Social Connection Makes You Healthier

I have good news everybody!¬† I am embarking on my Integrative and Holistic Medicine board certification training ūüôā¬† The conference and board exam are at the end of October, so let the cramfest begin, LOL!

The first topic I have been studying is fascinating: the study of the impact of social connection on health and wellness.¬† It makes intuitive¬†sense that those with healthy relationships will be healthier, but it’s interesting that the science bears it out too.

There are three main types of social connection that have been studied in the literature:  relationships with parents, relationships with spouse or significant other, and relationships with community.  They are ALL critically important for overall wellness.

1.  Relationships with parents

Your relationship with your parents is the earliest social connection that you form.¬† Unfortunately this relationship isn’t really under your control (at least at the beginning).¬† Is it important for health to have a close, warm, supportive relationship with your parents?

Yep.

In a study of Harvard students, they found that students who reported their relationships with their parents were “very close” or “warm and friendly” had a 50% chance of a serious illness over the following 35 years.¬† Those who reported their relationships were “tolerant” or “strained and cold” had a 100% chance of serious illness over the 35 years of follow up!¬† That is NOT a subtle difference!

The authors of this study thought several factors accounted for the difference in the two groups.¬† Healthy and unhealthy lifestyle behaviors begin developing in childhood.¬† Nutrition and stress in early childhood play a big role in healthy development of the child’s mind, body and spirit.¬† Choice of life partner in adulthood are strongly influenced by parental role models (i.e. you generally marry a person who is similar to one of your parents).¬† Coping strategies are learned from parental role models, including those that influence anxiety, anger and self-esteem.

2.  Relationship with spouse

In a large study published in JAMA in 1992, 1400 men and women with coronary artery disease (proven by a cardiac cath) were asked about their relationship with their spouse or a close confidante.  After 5 years, 15% of those who were married or had someone in whom they could confide had died, but 50% of those who were unmarried and had no close confidante had died.

This and other studies show that companionship and close relationships are good for your health.

3.  Relationships with community

A fascinating study was published in the 1990s about the town of Roseto, PA.¬† This is a small town that was settled by a group of immigrants from Italy.¬† In the 1930s to 1950s the people of Roseto largely lived in multigenerational homes, attended church regularly, and had close family ties.¬† Rates of myocardial infarction (heart attack) were unusually low in Roseto in spite of the fact that obesity, smoking, diabetes and other rates of typical heart risk factors were no different in Roseto than in surrounding communities.¬† In the 1960s Roseto started to become “Americanized” and began to lose this social cohesiveness, at which time the rates of MI started to go up until they were essentially the same as surrounding towns.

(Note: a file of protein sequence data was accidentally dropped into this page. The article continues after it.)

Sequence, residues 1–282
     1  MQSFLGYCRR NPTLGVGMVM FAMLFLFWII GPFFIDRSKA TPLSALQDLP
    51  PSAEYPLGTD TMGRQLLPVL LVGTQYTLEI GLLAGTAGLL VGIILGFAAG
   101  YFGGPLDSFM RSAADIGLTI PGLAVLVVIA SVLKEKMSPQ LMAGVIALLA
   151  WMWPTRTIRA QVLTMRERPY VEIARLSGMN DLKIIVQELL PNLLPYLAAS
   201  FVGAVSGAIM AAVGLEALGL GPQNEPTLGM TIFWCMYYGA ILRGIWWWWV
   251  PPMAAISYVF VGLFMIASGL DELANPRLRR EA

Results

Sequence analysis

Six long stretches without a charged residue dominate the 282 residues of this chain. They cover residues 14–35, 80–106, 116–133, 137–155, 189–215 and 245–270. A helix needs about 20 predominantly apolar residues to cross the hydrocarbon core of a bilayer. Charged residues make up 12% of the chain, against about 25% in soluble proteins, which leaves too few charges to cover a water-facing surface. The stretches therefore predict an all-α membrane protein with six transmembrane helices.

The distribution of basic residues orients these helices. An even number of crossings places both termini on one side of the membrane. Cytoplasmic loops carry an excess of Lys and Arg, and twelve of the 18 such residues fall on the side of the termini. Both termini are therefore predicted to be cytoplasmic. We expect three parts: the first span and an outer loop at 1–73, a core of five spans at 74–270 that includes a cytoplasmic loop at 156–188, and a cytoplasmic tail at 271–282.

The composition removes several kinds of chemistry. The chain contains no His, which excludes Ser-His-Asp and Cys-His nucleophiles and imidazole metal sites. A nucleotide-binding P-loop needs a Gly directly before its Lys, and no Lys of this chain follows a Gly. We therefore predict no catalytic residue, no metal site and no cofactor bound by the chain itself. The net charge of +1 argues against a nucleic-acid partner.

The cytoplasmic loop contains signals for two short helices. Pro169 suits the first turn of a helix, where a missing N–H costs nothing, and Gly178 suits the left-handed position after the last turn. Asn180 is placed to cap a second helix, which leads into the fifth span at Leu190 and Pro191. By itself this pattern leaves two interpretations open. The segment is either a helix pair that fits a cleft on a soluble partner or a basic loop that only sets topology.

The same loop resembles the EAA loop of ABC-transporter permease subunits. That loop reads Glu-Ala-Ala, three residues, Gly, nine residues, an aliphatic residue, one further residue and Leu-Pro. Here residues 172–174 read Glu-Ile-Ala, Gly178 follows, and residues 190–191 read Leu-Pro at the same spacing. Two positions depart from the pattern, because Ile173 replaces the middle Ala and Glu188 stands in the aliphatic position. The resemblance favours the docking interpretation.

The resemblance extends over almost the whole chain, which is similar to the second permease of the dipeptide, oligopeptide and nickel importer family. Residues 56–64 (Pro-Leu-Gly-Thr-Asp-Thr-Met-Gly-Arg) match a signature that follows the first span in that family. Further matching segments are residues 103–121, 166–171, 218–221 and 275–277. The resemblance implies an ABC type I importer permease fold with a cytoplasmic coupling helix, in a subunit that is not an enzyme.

Social connection can even protect you from the common cold!  276 healthy people were asked about positive relationships and then given nose drops containing common cold viruses.  People who had less than 3 positive relationships got cold symptoms 4 times as often as those who had higher scores.

Social connection can be used as an intervention to promote health as well.  Patients with illnesses as diverse as metastatic breast cancer, heart disease and malignant melanoma have benefited from social support as a health intervention.

So what does all this mean?  We are social creatures and meant to create social connection with others.  The lack of close relationships with others creates stress and predisposes to illness.

Cultivating close, warm, supportive relationships with other people (both family and friends) is as important to your health as diet and exercise.

If you’re a parent, being conscious of the quality of the relationship with your child is important for their health in the future.¬† (Remember, it’s not what YOU think of the relationship but what THEY think of the relationship that counts!¬† Are you available, supportive, loving?)

If your relationship with your parents falls in the “tolerant” or “strained and distant” categories, it is important to see a counselor.¬† It can be toxic in the worst sense of the word to carry around unresolved anger and resentment against your parents.¬† There are therapy techniques that help work through early childhood experiences, “reparent” yourself and forgive your parents so you can move forward without all that baggage.

QUESTION:  If you were suddenly sick or injured, who would you call?  How many people would come rushing to the hospital to help you?  Who do you confide in?

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